**Lecture 6
(NFAs to DFAs), 9/18/17**

**Concepts, definitions, theorems:**

- Every RE has an
*equivalent*NFA (p. 64) – recursive proof, last lecture - Visualizing this recursive proof with a parse tree
- Recursive proofs vs. recusive
algorithms
- Claim: every NFA has an equivalent DFA (Theorem 1.19,
proof p.55)
- Proved by presenting an
algorithm for creating an DFA from an NFA (or
*converting*an NFA to a DFA) - A table-based algorithm
- First without epsilons,
then with epsilons
- Examples: strings
ending with 01, (1
**U**01) * - The set of DFA states is
the
*powerset*of the set of NFA states. - Also, every DFA has an equivalent RE (we won’t do this,
but it’s in the textbook)
- Equal expressiveness of REs, DFAs, NFAs (
*Regular Language Theorem*): for any fixed alphabet S, the sets of languages described by REs, recognized by DFAs, accepted by NFAs are the same - How to prove a language is regular?

- Create a DFA or an NFA
or a regular expression for it;
- (Finite languages are all regular)
- Use
*closure**property of regular languages*

·
Closure
property of RLs: The set of RLs is *closed*
under regular operations o, *, U
(also complement and intersection)

·
Example:
L = strings that do not contain substring “010”

o L1 = strings containing substring “010”

o L is a *complement* of L1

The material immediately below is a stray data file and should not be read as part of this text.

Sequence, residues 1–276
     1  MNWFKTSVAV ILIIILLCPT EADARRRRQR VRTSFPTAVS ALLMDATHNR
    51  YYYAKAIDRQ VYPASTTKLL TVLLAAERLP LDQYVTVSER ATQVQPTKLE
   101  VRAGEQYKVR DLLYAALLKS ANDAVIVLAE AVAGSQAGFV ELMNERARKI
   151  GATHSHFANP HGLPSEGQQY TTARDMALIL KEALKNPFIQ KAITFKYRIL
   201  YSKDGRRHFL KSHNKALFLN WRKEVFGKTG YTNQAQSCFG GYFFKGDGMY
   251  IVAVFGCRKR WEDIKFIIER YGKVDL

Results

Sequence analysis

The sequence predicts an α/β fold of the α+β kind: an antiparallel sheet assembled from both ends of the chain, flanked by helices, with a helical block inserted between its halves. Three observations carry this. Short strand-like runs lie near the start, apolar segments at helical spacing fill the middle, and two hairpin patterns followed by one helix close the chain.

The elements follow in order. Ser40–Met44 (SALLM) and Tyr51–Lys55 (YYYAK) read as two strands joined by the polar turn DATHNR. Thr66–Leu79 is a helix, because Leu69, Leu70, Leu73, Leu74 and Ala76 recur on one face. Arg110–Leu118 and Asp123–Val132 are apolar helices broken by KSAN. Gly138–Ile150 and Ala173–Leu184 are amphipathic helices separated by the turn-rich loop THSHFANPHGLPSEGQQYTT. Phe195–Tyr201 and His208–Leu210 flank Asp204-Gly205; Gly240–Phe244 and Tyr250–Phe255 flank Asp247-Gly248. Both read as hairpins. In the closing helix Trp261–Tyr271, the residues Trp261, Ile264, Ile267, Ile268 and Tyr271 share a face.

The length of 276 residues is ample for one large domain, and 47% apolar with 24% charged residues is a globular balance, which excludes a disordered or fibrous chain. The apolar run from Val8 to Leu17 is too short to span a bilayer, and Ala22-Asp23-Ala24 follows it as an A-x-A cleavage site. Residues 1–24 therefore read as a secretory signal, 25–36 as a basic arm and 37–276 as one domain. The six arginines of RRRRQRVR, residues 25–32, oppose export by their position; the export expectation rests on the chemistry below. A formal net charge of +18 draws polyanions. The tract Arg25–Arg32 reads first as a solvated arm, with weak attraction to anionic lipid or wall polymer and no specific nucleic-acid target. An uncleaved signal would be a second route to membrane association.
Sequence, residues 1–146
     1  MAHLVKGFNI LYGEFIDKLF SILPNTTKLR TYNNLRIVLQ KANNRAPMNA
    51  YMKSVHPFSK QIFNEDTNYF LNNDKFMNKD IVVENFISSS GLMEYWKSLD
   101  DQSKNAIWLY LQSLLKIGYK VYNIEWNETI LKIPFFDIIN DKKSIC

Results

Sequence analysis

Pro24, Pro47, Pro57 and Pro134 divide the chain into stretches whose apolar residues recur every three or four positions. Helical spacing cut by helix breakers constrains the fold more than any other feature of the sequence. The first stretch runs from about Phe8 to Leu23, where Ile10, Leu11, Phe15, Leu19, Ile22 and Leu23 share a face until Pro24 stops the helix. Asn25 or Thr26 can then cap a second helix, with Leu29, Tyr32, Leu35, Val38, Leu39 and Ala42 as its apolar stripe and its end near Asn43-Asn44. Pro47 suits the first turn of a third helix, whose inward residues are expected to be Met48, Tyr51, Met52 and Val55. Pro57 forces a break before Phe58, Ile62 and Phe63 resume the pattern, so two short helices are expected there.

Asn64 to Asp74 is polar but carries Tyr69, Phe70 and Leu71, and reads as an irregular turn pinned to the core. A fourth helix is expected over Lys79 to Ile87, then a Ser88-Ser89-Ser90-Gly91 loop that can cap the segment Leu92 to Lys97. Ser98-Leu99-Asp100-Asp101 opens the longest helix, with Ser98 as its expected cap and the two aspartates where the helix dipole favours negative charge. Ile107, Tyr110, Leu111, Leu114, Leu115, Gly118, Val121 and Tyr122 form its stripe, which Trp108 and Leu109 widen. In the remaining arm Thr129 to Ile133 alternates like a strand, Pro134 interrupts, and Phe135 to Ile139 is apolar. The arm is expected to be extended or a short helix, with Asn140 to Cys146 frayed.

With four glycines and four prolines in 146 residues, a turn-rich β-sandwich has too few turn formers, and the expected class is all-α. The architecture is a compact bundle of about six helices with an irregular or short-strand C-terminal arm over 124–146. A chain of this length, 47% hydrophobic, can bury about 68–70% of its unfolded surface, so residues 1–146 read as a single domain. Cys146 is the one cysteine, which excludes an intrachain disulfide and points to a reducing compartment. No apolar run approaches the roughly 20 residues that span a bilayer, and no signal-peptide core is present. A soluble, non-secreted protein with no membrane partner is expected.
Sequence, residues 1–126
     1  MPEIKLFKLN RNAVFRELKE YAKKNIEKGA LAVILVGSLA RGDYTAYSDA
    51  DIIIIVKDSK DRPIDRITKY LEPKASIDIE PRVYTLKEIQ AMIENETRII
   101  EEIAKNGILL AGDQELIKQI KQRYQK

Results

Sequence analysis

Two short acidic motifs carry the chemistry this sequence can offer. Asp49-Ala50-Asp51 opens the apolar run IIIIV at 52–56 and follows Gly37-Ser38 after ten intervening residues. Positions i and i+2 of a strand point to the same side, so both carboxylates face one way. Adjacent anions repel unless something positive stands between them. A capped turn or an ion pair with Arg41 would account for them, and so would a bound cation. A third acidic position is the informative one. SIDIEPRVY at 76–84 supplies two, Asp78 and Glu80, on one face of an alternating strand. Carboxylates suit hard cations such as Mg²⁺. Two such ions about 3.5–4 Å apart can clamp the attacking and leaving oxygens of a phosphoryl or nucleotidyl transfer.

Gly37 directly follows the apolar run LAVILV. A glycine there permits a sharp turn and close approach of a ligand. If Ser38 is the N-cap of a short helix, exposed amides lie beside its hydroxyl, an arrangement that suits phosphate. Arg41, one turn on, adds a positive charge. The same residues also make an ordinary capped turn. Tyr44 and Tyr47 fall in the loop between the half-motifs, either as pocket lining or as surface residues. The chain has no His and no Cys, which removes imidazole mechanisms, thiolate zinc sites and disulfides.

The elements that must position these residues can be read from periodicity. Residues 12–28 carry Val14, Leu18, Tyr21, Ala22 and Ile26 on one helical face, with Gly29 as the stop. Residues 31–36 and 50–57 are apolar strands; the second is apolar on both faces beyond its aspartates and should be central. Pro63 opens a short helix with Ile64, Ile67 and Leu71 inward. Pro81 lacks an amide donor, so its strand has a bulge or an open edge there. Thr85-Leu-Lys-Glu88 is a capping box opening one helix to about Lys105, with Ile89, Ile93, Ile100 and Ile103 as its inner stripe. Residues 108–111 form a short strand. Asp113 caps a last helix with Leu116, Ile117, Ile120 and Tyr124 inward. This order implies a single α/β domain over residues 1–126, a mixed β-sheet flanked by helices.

o We know that L1 is regular (can
easily create NFA for it), so L must be regular too

**Reading:**

- section 1.2, from end of p. 54 ("EQUIVALENCE") to end of
section
- section 1.3, from middle of p. 66 ("EQUIVALENCE
") to
figure 1.59
- section 1.4 to end of page 79

**Skills:**

- Know new definitions, understand new concepts
- Given an NFA (possibly with epsilon-transitions),
construct an equivalent DFA ("convert it" to a DFA).
- Understand concepts of
*equivalence*,*powerset*,*closure*. - Understand what makes a language
*finite*or*infinite*. - Understand why all
*finite*languages are regular. - Be able to apply closure of RLs under regular
operations to show the language is regular

**Notes:**

- Recursive proofs and algorithms apply whenever the
underlying set of structures can be defined recursively
- Example: trees, regular
expressions
- If a set if finite, of size n, the size of its powerset is 2^n.
- It’s
possible to have an infinite language over a unary alphabet (i.e. single
character);
ex:
**1***